“We didn’t know we were going to find the remains of that battle when we started,” he said, staring into the pit. “It was like picking a site at random and having it turn out to be Troy.”
Wood, hair, animal waste, leather and more organic material that would normally degrade were frozen in permafrost, and those samples are being analyzed through an array of modern dating techniques. The resultant data are giving researchers a new understanding about how Indigenous Alaskans lived before exposure to Russians, Europeans and Americans. And much of what archaeologists are learning is upending long-held academic assumptions about how Yup’ik society was organized.
“What we’re finding out is the pre-contact Yup’ik culture was much more stratified, and these rooms were very much divided by clan and by economic status,” Knecht said, referring to the multiple chambers within the sprawling Nunalleq compound. “They had rich people, poor people, slaves, all of it. Trade that went a thousand miles in all directions. And a lot of ceremonial and religious stuff that kinda backed up the system.”
From history to future
One outgrowth of the Nunalleq project is a cottage industry catering to researchers that has matured into an independent venture serving largely unmet regional needs.
Initially, the local village corporation found ways to provide support services like housing, cooking and logistics for the annual fieldwork season. But in time, that’s grown into a business focused on adapting tools and techniques from academic archaeology to rural Alaska.
“The whole purpose of the subsidiary is to grow new businesses where we can employ some of our shareholders,” said Church, who grew up in Quinhagak and returned after going away for school.
The company is named Nalaquq, which means “we found it” in Yup’ik. In 2022 it was set up to repurpose technology and expertise from the archaeology project that residents and researchers thought could be useful.
The same kind of drones that hovered above Nunalleq to map the dig site are now being used for a wide range of functions. The company is pairing new technology with local knowledge, hovering drones over the tributaries and choke points where salmon are known to pool in order to get more targeted assessments of stocks.
“Using (drones) for salmon counting is cheaper, safer, and more accurate than conventional alternatives,” Nalaquq says on part of its website.
The company is developing alternative protocols for search and rescue groups so they can begin a response with drones, since the state and Coast Guard will not activate air assets until 24 hours have gone by.
“That’s too long,” Church said, pointing to a 2020 incident where seven boaters from Quinhagak went missing and died.
Drones mounted with multispectral sensors are evaluating vegetation patterns on the tundra to help assess the impact of climate change on subsistence foods like salmonberries. The company can map erosion for tribes and government entities, which is becoming increasingly urgent as the pace of river and coastal erosion accelerates, upending land holdings across many rural parts of the state.
To pilot these new tools, Nalaquq is training locals, most of them young people.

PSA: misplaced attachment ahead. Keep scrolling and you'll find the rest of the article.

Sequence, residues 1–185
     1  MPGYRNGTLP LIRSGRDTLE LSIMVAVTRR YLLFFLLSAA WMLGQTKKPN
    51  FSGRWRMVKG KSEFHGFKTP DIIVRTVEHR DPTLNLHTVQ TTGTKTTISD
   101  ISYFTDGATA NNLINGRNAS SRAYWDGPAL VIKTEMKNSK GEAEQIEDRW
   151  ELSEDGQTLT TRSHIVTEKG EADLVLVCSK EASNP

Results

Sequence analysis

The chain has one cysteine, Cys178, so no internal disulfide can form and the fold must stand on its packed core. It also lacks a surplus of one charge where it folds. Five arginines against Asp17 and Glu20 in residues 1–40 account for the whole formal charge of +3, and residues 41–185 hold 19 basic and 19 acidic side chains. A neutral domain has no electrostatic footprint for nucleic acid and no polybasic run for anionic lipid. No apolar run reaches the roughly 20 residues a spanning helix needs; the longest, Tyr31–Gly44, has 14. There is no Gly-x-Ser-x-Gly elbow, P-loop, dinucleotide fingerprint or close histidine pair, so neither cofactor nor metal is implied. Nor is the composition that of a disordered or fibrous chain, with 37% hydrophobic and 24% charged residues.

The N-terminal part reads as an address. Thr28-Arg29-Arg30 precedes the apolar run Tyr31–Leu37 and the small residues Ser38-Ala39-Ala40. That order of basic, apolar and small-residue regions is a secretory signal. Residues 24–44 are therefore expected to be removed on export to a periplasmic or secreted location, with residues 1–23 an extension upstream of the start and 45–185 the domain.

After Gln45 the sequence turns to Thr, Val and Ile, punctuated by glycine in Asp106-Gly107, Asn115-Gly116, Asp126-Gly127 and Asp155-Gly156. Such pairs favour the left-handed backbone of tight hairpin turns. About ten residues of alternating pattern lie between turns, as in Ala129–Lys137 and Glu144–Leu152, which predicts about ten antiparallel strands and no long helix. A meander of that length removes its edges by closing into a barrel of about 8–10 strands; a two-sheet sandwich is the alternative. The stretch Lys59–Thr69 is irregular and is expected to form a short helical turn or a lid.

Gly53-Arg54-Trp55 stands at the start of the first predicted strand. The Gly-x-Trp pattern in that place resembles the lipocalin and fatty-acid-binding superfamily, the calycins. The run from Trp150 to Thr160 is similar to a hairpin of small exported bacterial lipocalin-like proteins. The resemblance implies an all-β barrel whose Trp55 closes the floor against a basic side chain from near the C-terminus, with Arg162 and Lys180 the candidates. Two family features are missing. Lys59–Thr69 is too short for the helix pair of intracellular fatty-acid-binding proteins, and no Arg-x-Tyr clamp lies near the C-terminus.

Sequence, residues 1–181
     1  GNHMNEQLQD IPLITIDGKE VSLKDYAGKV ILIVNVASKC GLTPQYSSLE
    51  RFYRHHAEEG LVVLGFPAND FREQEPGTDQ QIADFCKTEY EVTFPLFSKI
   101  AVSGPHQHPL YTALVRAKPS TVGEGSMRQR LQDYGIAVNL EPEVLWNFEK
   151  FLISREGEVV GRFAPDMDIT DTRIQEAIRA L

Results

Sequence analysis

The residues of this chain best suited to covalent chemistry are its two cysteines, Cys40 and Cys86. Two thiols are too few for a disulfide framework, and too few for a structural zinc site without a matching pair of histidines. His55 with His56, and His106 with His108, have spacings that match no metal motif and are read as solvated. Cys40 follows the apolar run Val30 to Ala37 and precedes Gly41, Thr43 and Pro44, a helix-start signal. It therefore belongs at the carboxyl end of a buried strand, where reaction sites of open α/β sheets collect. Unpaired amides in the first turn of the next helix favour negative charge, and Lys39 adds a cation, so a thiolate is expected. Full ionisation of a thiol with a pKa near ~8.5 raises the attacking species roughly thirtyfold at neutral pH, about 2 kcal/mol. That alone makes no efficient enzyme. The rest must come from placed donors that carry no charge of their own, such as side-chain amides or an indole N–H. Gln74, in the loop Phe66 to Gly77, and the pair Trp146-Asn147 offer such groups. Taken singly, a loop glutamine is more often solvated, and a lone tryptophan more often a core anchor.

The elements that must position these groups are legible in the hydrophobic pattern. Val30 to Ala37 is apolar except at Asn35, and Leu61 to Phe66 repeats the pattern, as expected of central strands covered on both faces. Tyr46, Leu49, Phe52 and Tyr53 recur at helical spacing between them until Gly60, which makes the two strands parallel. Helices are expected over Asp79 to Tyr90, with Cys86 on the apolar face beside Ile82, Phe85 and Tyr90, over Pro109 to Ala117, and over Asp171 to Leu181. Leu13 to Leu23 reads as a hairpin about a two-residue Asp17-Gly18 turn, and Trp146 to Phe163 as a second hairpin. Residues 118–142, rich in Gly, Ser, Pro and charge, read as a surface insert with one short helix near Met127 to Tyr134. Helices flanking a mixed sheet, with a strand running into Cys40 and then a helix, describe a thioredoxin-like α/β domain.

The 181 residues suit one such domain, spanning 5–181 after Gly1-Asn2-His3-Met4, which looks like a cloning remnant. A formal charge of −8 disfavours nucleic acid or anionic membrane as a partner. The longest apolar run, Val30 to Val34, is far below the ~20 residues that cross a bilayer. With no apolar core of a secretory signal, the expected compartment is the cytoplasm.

“This is their life, this is their culture,” said Sean Gleason, a communications professor at Hampden-Sydney College in Virginia who first joined the archaeology project in Quinhagak in 2018. He now works with Nalaquq on research and development.
Gleason said one of the lessons from how the Nunalleq dig evolved with local partners was methods for combining Western science with traditional Yup’ik knowledge to improve subsistence, data collection and people’s livelihoods. A major piece of that, he said, was technical experts coming into the region from Outside humbling themselves and getting better at taking their cues from residents.
“This knowledge is not impossible to find, it’s actually right there. It’s just about the communication that needs to come back,” Gleason sad.
On melting ground
Ahead of the potluck celebrating the Nunalleq Museum’s fifth anniversary, three women from the archaeology crew sat atop a tarp butchering a spotted seal with ulus. Anna Mossolova, the two-time seal mask-finder, along with a German and North Carolinian, pried apart ribs and hacked meat off a shank while taking instructions from Quinhagak’s Alexis Williams as she sliced strips of blubber off the hide to render for oil. Nearby lay a pile of flippers.
“It’s embedded in the community, this whole project,” Mossolova said.
The museum regularly hosts community events, including a newly formed Yup’ik dance troupe, the Nunalleq Dancers. The group performed at the anniversary celebration with regalia crafted over the summer.
Knecht anticipates the dig will continue for another five to 10 years, depending on how the erosion advances. But the project’s legacy will keep going.
“This museum’s here for good,” he said.
One of Knecht’s main preoccupations is how many other sites like this are sitting undiscovered, and how regularly they’re being invisibly devoured by the consequences of climate change.
“There are hundreds, maybe thousands of these around Alaska that are calving off into the water right now. And if they’re not eroding, they’re rotting in the ground, that’s the scary part. The whole archaeological and fossil record is under threat,” he said.
Knecht stood inside the two-room museum, a warren of drawers, shelves and display cases organized not by the old curatorial split between “artwork” and “tools,” but with relics sorted according to their utility. A hand-carved ivory fish hook might be filled with artistic flourishes, after all. Toys, amulets, darts, arrow shafts, ulus, drawers and drawers and drawers full of old life.
What’s at stake in the archaeological record is bigger than academic collections, Knecht stressed. Beyond just the Arctic, pre-Modern hunter-gatherer societies depended on a degree of self-sufficiency and communal interdependence that might prove to be a more sustainable, enduring model for human life than the one we’re currently engaged in.
“We’ve always underestimated what people in the past are capable of, and we’re always putting ourselves at the top of the evolutionary pyramid,” Knecht said. “I’m not sure that technology is the right way to measure success. Maybe stability is the better measure.”
[Correction: An earlier version of this story incorrectly identified Quinhagak resident Alexis Williams as Andrea Smith.]